Socialist Worker

Brown's bluster cannot hide the tragedy in Afghanistan

by Simon Assaf
Issue No. 2105

The latest British soldiers to die in Afghanistan were sent to their deaths with sickening bravado.

According to the Daily Telegraph, the commander of British paratroops in southern Afghanistan goaded insurgents into a battle telling them that they 'fought like women'.

A few days later three of his soldiers were killed. Their deaths bring the total to 100 British soldiers killed in Afghanistan since the 2001 invasion.

Gordon Brown said the soldiers died for a 'noble cause', while his ministers talked up 'progress' and hinted at an imminent victory over Afghan insurgents.

The ugly truth is that the occupation has sunk into a quagmire, an unwinnable battle where the biggest losers are the tens of thousands of Afghans who have been killed as part of the 'war on terror'.

Now Britain wants to 'withdraw' the 4,000 troops stationed in Iraq and 'redeploy' them to the killing fields of Afghanistan.

The hype emerging from Brown's government is a desperate bid to shore up an occupation that is fast unravelling.

The occupation is marked by corruption, mounting death tolls and a cycle of Western troop advances and claims of victory quickly followed by withdrawal.


As Nato troops flood into areas, the Afghan fighters withdraw, only to re-emerge later. One British officer referred to these battles as 'mowing the lawn' since the insurgency 'just grows back'.

Far from the war winding down, each year the occupation gets bloodier.

According to Nato, attacks on foreign troops and their Afghan allies in eastern Afghanistan have this year risen by 50 percent compared with 2007 – leading to a steady rise in the number of casualties.

Now a key US think-tank is urging Nato and the US to spread the war into Pakistan.

The influential Rand Corporation has warned that the occupation will face 'crippling, long term consequences' unless Western troops invade northern Pakistan.

According to their report, 'Every successful insurgency in Afghanistan since 1979 enjoyed safe haven in neighbouring countries, and the current insurgency is no different.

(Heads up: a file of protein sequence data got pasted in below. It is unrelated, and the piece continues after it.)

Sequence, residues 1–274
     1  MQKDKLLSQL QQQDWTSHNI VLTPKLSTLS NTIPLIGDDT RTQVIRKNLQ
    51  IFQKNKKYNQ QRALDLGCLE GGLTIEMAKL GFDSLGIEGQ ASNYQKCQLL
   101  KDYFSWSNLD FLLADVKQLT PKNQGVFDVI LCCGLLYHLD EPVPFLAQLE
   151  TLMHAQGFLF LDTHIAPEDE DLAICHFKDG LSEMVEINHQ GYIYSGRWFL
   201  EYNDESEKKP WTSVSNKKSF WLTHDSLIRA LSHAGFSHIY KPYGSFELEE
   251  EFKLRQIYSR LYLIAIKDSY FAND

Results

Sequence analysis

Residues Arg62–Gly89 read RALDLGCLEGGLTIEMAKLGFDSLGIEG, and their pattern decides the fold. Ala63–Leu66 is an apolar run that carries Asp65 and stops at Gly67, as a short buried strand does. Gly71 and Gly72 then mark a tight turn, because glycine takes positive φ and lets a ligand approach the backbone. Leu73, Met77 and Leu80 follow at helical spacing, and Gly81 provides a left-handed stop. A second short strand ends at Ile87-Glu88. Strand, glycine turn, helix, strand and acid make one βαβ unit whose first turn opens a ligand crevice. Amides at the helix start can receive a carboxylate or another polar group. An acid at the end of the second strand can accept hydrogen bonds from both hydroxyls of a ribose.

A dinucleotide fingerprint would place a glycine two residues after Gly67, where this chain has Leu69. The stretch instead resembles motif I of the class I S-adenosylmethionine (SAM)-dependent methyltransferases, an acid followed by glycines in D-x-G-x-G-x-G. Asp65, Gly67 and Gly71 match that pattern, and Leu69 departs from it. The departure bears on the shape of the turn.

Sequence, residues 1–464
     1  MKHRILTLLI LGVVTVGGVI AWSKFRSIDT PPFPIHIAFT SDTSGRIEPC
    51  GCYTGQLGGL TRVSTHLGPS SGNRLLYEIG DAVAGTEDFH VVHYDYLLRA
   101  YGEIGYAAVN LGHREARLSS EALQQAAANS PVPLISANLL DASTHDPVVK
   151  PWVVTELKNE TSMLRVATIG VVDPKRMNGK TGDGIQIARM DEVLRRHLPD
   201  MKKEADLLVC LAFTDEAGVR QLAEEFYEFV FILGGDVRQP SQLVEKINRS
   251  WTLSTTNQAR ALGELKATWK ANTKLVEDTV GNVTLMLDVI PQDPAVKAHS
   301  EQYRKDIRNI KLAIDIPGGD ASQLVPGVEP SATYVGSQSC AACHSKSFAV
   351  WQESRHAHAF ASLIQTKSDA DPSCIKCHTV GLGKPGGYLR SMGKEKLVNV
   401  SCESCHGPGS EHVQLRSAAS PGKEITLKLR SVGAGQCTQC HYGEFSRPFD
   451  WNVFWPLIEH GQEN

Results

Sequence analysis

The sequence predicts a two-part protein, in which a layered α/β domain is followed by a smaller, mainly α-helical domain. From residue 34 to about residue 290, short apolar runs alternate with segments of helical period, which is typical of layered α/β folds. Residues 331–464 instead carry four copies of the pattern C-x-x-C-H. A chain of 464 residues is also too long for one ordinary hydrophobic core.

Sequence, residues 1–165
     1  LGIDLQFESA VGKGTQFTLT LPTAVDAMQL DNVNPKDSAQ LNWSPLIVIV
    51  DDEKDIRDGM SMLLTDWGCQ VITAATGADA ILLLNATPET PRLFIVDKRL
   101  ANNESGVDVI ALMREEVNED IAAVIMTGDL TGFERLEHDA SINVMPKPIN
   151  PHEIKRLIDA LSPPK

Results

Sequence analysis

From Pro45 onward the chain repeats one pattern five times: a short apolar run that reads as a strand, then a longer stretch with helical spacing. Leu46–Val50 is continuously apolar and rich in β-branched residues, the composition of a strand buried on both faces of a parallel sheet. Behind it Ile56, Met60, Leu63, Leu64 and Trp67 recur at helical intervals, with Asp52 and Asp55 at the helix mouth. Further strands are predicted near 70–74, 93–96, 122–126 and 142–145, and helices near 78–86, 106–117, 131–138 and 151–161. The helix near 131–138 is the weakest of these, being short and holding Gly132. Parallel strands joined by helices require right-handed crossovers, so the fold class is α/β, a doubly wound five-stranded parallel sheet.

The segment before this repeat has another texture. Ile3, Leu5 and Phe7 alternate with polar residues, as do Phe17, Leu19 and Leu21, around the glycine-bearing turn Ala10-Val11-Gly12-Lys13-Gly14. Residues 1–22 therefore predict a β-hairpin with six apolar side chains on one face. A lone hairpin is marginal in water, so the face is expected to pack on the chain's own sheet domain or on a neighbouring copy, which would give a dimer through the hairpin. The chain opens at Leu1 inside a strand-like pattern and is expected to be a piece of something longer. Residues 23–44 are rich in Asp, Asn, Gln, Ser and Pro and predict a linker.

'Right now, the Taliban and other groups are getting help from individuals within Pakistan's government, and until that ends, the region's long term security is in jeopardy.'

The outgoing commander of Nato forces in Afghanistan echoed calls for the war to spread.

He said in his farewell speech that, 'If there are going to be sanctuaries where these terrorists, these extremists, these insurgents can train, can recruit, can regenerate, there's still going to be a challenge there.'

The push for more war is a sign of the growing desperation among supporters of the occupation.

In a recent interview, the new Australian defence minister admitted that a minimum of 10,000 extra troops were needed for the occupation of Afghanistan just to tread water.

During his current tour of Europe, George Bush will be making a final bid for more troops and equipment. But faced with the growing unpopularity and cost of the war, few European governments are willing to send more soldiers.

Hamid Karzai, the US appointed leader of Afghanistan, let slip the truth on a recent trip to the Netherlands. He said that occupation forces will be fighting for 'at least another ten years'.

'Reconstruction' cash looted by contractors

According to a recent report by Integrity Watch Afghanistan, Afghans receive only $20 out every $100 spent on reconstruction and aid.

The bulk of money pays for 'Western advisors', some of whom earn $22,000 for 'technical assistance' – enough to hire 20 Afghan teachers.

The rest of the money slushes into the private accounts of corrupt officials or Western contractors.

The author of the report said that corruption was so endemic, 'It's better to channel it through the government because even if it is being taken it will stay in the country.'

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Tue 10 Jun 2008, 18:50 BST
Issue No. 2105
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